More than 600 physicians and scientists called on President Obama in a letter Tuesday to release a national plan for research and programming needed to fight the spread of multidrug-resistant tuberculosis at home and abroad, and to back the plan with a budget proposal that allots the dollars necessary to effect it.
“We stand ready to work with the president, and to support the enactment of a global plan,” said Dr. Carol Dukes Hamilton, in a statement accompanying release of the letter. Dr. Hamilton serves as co-chair of the Infectious Diseases Society of America Center for Global Health Policy, which produces this blog.
Their request comes more than seven months after the White House release of its National Action Plan for Combating Antibiotic-Resistant Bacteria, which included tuberculosis that is resistant to first lines of treatment as one of five “serious threats” to public health. The release of that plan was accompanied by an announcement that a companion plan, specifically targeting drug-resistant TB would be released later this year.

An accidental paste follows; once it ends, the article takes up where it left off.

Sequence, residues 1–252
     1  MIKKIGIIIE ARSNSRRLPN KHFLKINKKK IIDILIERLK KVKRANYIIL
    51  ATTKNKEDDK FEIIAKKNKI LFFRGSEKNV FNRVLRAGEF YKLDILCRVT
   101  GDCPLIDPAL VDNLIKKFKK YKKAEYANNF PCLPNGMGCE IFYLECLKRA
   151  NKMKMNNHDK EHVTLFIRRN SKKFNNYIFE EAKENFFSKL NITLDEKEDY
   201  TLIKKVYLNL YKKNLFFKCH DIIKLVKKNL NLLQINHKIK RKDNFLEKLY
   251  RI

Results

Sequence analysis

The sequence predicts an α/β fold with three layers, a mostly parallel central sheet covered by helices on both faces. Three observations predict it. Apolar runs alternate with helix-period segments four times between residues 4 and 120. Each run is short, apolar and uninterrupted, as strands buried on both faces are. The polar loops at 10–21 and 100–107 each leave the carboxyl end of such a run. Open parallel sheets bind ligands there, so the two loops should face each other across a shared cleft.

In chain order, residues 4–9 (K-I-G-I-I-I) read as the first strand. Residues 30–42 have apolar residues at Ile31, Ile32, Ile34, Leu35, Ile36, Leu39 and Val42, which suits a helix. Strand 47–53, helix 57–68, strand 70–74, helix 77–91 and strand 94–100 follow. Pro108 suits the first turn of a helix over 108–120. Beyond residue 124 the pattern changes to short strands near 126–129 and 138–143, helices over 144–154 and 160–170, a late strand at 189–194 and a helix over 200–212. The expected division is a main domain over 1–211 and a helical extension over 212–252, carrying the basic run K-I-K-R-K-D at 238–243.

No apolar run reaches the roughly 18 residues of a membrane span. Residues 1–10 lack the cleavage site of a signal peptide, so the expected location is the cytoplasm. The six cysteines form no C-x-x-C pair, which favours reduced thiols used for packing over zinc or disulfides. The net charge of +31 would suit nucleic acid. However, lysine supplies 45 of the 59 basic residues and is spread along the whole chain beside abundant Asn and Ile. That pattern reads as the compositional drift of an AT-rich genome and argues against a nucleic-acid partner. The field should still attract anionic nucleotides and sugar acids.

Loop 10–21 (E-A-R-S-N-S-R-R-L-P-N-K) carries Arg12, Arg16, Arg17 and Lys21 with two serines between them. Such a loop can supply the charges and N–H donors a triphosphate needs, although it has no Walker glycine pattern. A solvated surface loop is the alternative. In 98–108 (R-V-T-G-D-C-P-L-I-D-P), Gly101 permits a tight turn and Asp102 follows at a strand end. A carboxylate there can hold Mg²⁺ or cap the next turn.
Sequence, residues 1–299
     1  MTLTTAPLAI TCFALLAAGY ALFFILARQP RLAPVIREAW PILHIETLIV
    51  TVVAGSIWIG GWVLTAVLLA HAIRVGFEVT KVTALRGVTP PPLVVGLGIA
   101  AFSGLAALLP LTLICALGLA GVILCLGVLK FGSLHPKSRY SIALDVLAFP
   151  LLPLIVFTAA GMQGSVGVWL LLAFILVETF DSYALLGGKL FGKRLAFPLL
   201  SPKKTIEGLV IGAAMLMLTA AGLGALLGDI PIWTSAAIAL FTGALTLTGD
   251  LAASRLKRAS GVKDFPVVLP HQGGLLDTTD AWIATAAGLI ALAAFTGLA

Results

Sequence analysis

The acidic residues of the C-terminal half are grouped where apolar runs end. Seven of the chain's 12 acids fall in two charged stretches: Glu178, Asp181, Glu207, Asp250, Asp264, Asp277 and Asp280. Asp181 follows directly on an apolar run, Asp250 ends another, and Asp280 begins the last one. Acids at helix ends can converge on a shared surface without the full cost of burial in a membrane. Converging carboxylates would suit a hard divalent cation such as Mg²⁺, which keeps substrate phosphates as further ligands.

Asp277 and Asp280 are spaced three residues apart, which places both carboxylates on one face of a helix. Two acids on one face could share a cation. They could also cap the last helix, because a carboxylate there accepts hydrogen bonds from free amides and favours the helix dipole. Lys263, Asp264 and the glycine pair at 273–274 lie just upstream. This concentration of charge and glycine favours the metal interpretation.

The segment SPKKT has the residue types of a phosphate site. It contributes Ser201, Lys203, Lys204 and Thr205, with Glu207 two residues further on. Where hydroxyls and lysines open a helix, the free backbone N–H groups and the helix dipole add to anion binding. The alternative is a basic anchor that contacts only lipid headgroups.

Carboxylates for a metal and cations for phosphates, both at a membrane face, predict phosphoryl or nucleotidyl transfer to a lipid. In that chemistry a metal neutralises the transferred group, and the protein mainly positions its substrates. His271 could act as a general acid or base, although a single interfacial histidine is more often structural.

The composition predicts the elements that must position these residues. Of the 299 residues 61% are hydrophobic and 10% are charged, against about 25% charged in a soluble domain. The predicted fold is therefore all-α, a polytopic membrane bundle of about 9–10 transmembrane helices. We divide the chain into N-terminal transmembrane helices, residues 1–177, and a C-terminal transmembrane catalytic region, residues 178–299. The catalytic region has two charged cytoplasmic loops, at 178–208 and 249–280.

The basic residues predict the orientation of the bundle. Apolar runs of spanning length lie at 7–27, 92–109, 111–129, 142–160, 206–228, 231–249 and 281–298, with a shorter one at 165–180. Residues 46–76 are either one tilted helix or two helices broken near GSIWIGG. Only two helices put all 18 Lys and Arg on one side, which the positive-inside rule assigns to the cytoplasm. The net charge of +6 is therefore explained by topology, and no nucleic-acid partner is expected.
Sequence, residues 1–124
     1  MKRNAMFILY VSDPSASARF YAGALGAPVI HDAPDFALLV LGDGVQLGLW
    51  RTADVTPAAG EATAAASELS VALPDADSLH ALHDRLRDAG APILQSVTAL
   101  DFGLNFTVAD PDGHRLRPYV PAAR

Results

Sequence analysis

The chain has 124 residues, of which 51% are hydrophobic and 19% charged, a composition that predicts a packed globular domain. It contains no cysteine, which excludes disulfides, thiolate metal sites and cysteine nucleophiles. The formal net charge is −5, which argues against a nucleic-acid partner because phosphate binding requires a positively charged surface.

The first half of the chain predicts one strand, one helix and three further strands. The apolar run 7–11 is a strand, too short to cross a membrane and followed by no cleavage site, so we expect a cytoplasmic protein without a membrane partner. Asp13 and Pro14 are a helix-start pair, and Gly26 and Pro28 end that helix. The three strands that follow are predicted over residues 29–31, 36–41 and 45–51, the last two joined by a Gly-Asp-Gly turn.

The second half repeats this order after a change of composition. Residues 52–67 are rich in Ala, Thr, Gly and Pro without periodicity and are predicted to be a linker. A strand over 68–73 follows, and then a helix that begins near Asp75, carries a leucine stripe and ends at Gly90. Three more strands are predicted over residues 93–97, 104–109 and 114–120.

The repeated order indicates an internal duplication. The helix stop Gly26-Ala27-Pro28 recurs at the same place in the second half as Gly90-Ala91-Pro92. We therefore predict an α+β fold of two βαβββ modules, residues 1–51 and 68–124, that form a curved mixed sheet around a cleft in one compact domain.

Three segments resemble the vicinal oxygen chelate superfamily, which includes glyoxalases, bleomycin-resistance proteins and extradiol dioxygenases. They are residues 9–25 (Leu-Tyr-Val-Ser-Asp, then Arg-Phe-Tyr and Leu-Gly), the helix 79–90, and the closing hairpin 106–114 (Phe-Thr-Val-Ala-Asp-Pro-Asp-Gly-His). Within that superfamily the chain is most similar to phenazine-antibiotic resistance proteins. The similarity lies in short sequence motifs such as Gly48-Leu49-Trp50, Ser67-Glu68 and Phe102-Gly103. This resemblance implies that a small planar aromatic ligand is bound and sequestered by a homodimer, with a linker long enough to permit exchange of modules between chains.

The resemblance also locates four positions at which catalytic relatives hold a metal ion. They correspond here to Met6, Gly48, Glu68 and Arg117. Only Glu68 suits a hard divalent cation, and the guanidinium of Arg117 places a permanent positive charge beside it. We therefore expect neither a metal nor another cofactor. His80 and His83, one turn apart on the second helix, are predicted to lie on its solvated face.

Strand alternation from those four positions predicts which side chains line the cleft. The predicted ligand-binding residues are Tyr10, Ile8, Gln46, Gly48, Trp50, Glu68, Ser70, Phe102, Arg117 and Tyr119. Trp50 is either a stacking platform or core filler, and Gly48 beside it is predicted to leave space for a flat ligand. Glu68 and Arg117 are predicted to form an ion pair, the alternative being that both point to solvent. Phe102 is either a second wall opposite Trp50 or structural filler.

Last week, as the World Health Organization released its 2015 Global TB Report showing that just one in four of the estimated nearly half million patients with drug-resistant tuberculosis were diagnosed last year, and that nearly a quarter of those diagnosed went untreated for want of available, affordable, appropriate medicine, the status of the promised national plan remained a question.
“You need a national plan that is funded,” Dr. Mario Raviglione of WHO’s TB Program department said.
In turn, Dr. Ariel Pablos-Mendez, of USAID asserted a plan had been produced and was being vetted by agencies that would put it into action, adding “the White House is close to releasing it.”
With the year’s end drawing near, however, worries circulated that the document was being delayed, at least in part, by recognition that it would require funding. The White House has proposed cuts to funding for TB programs in the last few previous years.
“As physicians and researchers responding to tuberculosis at home and around the world,” the statement accompanying release of the letter Tuesday said, “we are concerned that the end of the year is approaching with no announcement of a plan, or of a commitment to fund the work and resources necessary to reverse the tide of multidrug-resistant disease. The costs of delay will far outweigh the costs of taking the necessary steps now to align research, programming and surveillance to end the scourge of tuberculosis once and for all.”
The letter can be viewed and downloaded here.